Three decades after Ronnie Whelan wore the armband as captain of Liverpool, Niamh Fahey has the honour of being the next Irish native holding that position

Galway girl steering the Red ship

New skipper Fahey hoping to lead her Anfield club back into the top flight


As a kid growing up in Galway, it was the poster of Michael Owen on the wall that marked out her territory as a Liverpool fan.

Now, at the age of 32, wide-eyed teenage admiration is gone and a Zoom call with Jurgen Klopp and club icon Steven Gerrard is work, not idle pleasure for Niamh Fahey.

Three decades after Ronnie Whelan wore the armband as captain of Liverpool FC, Fahey has the honour of being the next Irish native holding that position, with the Reds' Women's team.

"I had a spring in my step that first week after it was announced, I was walking on cloud nine for those first few days," Fahey says.

She even corrects me when I say that she "was" a Liverpool fan.

"I still am," she stresses, pointing out that a lifelong attachment to the club makes that armband even more important.


"If you are passionate about something I think you invest more of yourself in it. As a fan of the club I have that bit of extra passion, more emotional investment.

"I always did the best in any jersey I wore but I feel I give even more with that red shirt on my back, being a fan and then getting to play."
Three decades after Ronnie Whelan wore the armband as captain of Liverpool, Niamh Fahey has the honour of being the next Irish native holding that position


Captaincy brings added duties.

Roy Keane once said how he saw a clear division, and distraction, between being club captain (organising nights out, sending flowers to players' wives after they gave birth, dealing with the board) and being team captain (scrapping with the likes of Patrick Viera on the field).

"I can see Roy's argument but I like doing both, being aware of what's happening off the pitch, having an influence off the pitch as well as on it," Fahey says.

"There is a lot more media to do as captain and we do more charity work now, getting involved in promoting charities, mental health awareness.

"It could be going in to talk about structures, the board, where the club are going, and to give feedback on that.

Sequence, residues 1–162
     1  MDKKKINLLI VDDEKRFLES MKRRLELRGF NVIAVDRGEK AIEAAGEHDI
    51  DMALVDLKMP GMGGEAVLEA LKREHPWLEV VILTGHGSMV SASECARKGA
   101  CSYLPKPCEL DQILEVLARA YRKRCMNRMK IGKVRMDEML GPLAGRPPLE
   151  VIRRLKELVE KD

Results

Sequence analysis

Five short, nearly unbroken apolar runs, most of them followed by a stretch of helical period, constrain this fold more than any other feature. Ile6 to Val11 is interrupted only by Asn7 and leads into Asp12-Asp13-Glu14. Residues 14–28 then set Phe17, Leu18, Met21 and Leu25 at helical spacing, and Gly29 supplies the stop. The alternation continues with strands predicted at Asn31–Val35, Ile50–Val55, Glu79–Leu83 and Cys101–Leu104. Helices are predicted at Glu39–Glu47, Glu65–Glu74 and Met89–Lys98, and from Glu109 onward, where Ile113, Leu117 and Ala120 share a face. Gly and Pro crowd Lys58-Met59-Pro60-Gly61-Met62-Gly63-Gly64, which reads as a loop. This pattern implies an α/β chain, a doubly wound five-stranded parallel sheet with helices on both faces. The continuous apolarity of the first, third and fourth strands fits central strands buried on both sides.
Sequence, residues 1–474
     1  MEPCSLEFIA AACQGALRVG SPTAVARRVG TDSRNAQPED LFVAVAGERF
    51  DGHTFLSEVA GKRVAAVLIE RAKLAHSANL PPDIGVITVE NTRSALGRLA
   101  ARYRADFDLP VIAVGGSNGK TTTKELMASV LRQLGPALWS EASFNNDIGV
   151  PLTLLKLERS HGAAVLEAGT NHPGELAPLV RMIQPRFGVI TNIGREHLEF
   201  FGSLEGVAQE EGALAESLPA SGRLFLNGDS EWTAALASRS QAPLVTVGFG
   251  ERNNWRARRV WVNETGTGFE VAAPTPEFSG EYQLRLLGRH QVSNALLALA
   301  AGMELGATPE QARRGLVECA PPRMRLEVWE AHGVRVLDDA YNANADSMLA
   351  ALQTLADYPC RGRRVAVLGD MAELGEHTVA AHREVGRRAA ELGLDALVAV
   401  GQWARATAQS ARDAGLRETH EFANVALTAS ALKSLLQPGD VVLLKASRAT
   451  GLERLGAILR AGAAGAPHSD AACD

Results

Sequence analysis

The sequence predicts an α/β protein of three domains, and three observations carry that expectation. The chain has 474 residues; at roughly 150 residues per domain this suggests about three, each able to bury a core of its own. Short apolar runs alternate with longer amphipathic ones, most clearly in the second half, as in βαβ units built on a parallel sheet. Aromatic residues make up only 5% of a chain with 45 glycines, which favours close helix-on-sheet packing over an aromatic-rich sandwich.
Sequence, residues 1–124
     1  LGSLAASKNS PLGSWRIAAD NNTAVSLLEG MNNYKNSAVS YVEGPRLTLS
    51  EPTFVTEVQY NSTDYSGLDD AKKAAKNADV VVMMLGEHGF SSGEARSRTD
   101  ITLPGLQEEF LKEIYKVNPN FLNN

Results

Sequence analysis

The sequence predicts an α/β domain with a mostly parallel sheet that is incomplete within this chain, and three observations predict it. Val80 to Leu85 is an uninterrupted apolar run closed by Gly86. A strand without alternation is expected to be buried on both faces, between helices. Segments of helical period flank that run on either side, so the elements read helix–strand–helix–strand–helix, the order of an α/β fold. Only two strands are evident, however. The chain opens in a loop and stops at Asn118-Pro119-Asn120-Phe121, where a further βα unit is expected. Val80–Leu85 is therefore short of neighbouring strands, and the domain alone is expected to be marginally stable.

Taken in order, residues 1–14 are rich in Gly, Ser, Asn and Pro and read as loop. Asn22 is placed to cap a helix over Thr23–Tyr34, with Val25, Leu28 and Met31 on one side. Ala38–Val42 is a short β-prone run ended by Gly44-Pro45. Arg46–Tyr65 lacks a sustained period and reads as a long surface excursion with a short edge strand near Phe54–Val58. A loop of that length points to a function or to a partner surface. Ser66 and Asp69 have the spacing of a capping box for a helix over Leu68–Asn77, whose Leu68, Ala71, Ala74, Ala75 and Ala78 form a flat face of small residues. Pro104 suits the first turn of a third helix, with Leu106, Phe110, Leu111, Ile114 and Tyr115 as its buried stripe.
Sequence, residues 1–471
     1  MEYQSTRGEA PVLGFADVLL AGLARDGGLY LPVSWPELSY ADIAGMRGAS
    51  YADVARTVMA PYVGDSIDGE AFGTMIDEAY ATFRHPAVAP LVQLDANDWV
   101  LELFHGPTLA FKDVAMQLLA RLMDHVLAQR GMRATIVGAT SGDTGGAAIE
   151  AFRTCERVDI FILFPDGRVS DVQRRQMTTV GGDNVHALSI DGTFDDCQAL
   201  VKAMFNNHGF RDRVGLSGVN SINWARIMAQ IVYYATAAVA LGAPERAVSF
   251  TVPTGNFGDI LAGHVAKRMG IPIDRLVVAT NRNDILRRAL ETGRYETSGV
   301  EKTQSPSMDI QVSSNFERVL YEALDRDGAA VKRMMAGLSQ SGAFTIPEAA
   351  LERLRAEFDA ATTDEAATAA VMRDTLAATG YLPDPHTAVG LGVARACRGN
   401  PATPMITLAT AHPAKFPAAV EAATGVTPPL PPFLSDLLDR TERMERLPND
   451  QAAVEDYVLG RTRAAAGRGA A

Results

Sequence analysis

"Me and the vice captain, we are only in on the occasional meeting but we are still more involved and then it's dealing with stuff off the pitch, any problems the girls might have."

Recent meetings included that Zoom call with the manager of the men's side.

"Yeah, Jurgen Klopp was on one call with us, we had Steven Gerrard on Zoom another time so there are good links there and there are people in the club who want to share their experiences with the women's team.

"It was great to learn from their experience, put questions to them. We spoke to Klopp before the league was won, we all wanted to know when it would be won," she laughs.

"I have met a few Premier League managers who were always knowledgeable about the women's game, and Jurgen was very receptive towards us.

"He has good links with our manager and he comes from Germany, where the women's game is more high-profile and there's more equality."

But there is a clear inequality between the status of the two teams: Klopp's side are champions of England, while Vicky Jepson's Women's team aren't even in the top flight, relegated from the Women's Super League last season.

It's led to accusations that Liverpool, as a club, have undervalued and underfunded the women's game.

Fahey is in her third season as a Red and admits it has been an issue.
Fahey in action for Galway during the 2005 All-Ireland Ladies Football final. Photo: Sportsfile


"It's frustrating having to answer that question all the time but it's no secret that the women's team was neglected in the past," she says.

"But being captain now, I know exactly what's going on in the club, we are funded and resourced properly now and it can only get better.

"Sometimes things have to fall before you can scrap everything and start anew.

"We're at the beginning now and hopefully we won't have to get any more comparisons between one team winning the league and the other being relegated.

"We can't dress it up any other way, that just wasn't there but they have recognised it and they know, there are good people in high places at the club who want to change that.


"They know things weren't done right in the past so plans are to change that, it should have been done before but it's being done now," she added, admitting that promotion back to the WSL is essential.

Relegation, and the manner of how the Reds went down in a season halted by COVID in March, with eight games still to play, still hurts.

"Having that decision made for you, having it taken out of your hands and not being given a chance to fight, that was hard but we have to park it," Fahey insists.

"We have spent enough time being angry and frustrated at that decision to let that carry into this season, we can't look back - as heart-breaking and annoying as it was to be relegated.

"It was the first relegation in my career, hopefully the last," added Fahey, heading into a big week as the Irish senior side travel to Germany today to prepare for Saturday's Euro qualifier against the Germans.